If I’m to be successful in my little adventure, there are a whole variety of subjects I have to study.
There’s communication, I must learn to speak basic Nepali, as my hosts in Dada Pangma don’t speak English, then, less obviously there’s body language, a shake of the head, in a specific fashion, actually means “yes”. (Bhawana showed me an amusing You Tube video on body language in the Indian subcontinent. I’ll get the title and post it in a later blog). There are the practicalities of adjusting to the Nepali culture, here for instance are a few lessons I’ve already learnt; don’t try to return your used dinner plate to the kitchen, a female member of your host’s team will spar with you for possession of it! If you agree to a second helping when you are prompted be ready to crouch over the plate to prevent a much larger helping being delivered than you can manage. If your host offers you a /another drink of some spirit try to gain possession of the bottle or you’ll end up with three or four standard shots.in your glass. In short expect super generous hospitality from almost everyone! I am reading like mad but I still have to gain practical experience of the husbandry of Apis cerana, using the “box-pile” and the Newton hives and it will have to be several of each as I hope to make a fair comparison of the two types. This morning I bought a Newton hive and the carpenter whose workshop is on Rom’s property has been kind enough to say he’ll make a set of “top-bars” to replace the frames already installed in the brood chamber. Then as a result of past laziness /reliance on the grandchildren, I have to learn to operate my Facebook page and blog on my own, Bijay has kindly given me some instruction in “facebooking” and Bhawana wrote out three A4 pages of instructions on how to operate the blog. I’m afraid only a little of the information has stuck, so far. Another vital set of skills concerns everyday ablutions. On my last visit to Nepal with a friend, Colin Mann, our host in Madi Mulkharka organised a shower for us that comprised a ½ inch plastic pipe propped up at head height and continuously gushing ice cold water. Under normal circumstances in the hillyside you would simply have a large bowl or bucket of said ice cold water this you splash over yourself, then you soap and cleanse and then lastly slosh the cold water over yourself to rinse. Believe me it’s not as simple as it sounds especially if you observe some measure of propriety. Here the lavatories are even more of a challenge there are very few WC’s, there’s usually a ceramic slab with foot prints astride a 6 inch hole and I’ve never come across toilet paper! The user crouches down elbows on knees, and for accuracy getting as close to the hole as possible. In the interests of delicacy I’ll skip the actual technique required suffice to say use the left hand for contact after a good sloshing with water from the right hand. It’s surprising how hygienic the process can be and how quickly your underwear dries.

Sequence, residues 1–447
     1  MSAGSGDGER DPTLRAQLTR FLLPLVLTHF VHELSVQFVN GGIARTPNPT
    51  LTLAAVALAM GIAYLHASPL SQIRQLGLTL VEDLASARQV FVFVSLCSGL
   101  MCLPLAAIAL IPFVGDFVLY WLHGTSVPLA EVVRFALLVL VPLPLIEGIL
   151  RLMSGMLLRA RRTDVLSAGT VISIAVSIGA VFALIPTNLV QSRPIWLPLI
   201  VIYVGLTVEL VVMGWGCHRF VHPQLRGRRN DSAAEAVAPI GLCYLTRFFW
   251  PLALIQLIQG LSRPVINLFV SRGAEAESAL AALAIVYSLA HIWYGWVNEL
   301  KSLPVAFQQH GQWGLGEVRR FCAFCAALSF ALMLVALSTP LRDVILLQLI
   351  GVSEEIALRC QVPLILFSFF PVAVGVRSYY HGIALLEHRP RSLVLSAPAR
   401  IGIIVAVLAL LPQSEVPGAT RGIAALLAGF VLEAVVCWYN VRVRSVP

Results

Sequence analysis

Rom, Goma, Manita, Bijay, Ajay, Yo Yo Ayus and Ayusa, have been my hosts since I arrived in Pokhara. Rom who is slightly younger than me is the father of my good friend Narendra who lived in my house in the UK several years ago. Goma and Manita are the ladies of the house their cooking is superb and their hospitality is second to non. My stay has been instructive ; Bijay, Ajay and Yo Yo Ayus have been my tutors in Nepali and Yo Yo Ayus has taught me the basic (very basic) skills of “keepy upy”. Bijay and Ajay have carried me around as a pillion passenger on their motorcycles. (I’ll come to what I understand are the completely informal rules of the road in a later blog). Ayusa who is ten years old sings and dances beautifully and is a born performer. Yo Yo Ayus had a birthday on the second to last day of my stay, the cake, a “white Forest” was out of this world and Ayusa and Yo Yo Ayus danced and sang for he guests. I tried to upload the movies of football, singing and dancing starring Ayusa and Yo Yo Ayus, which I directed, but the “blog” wouldn’t let me, I’ll try again in another blog.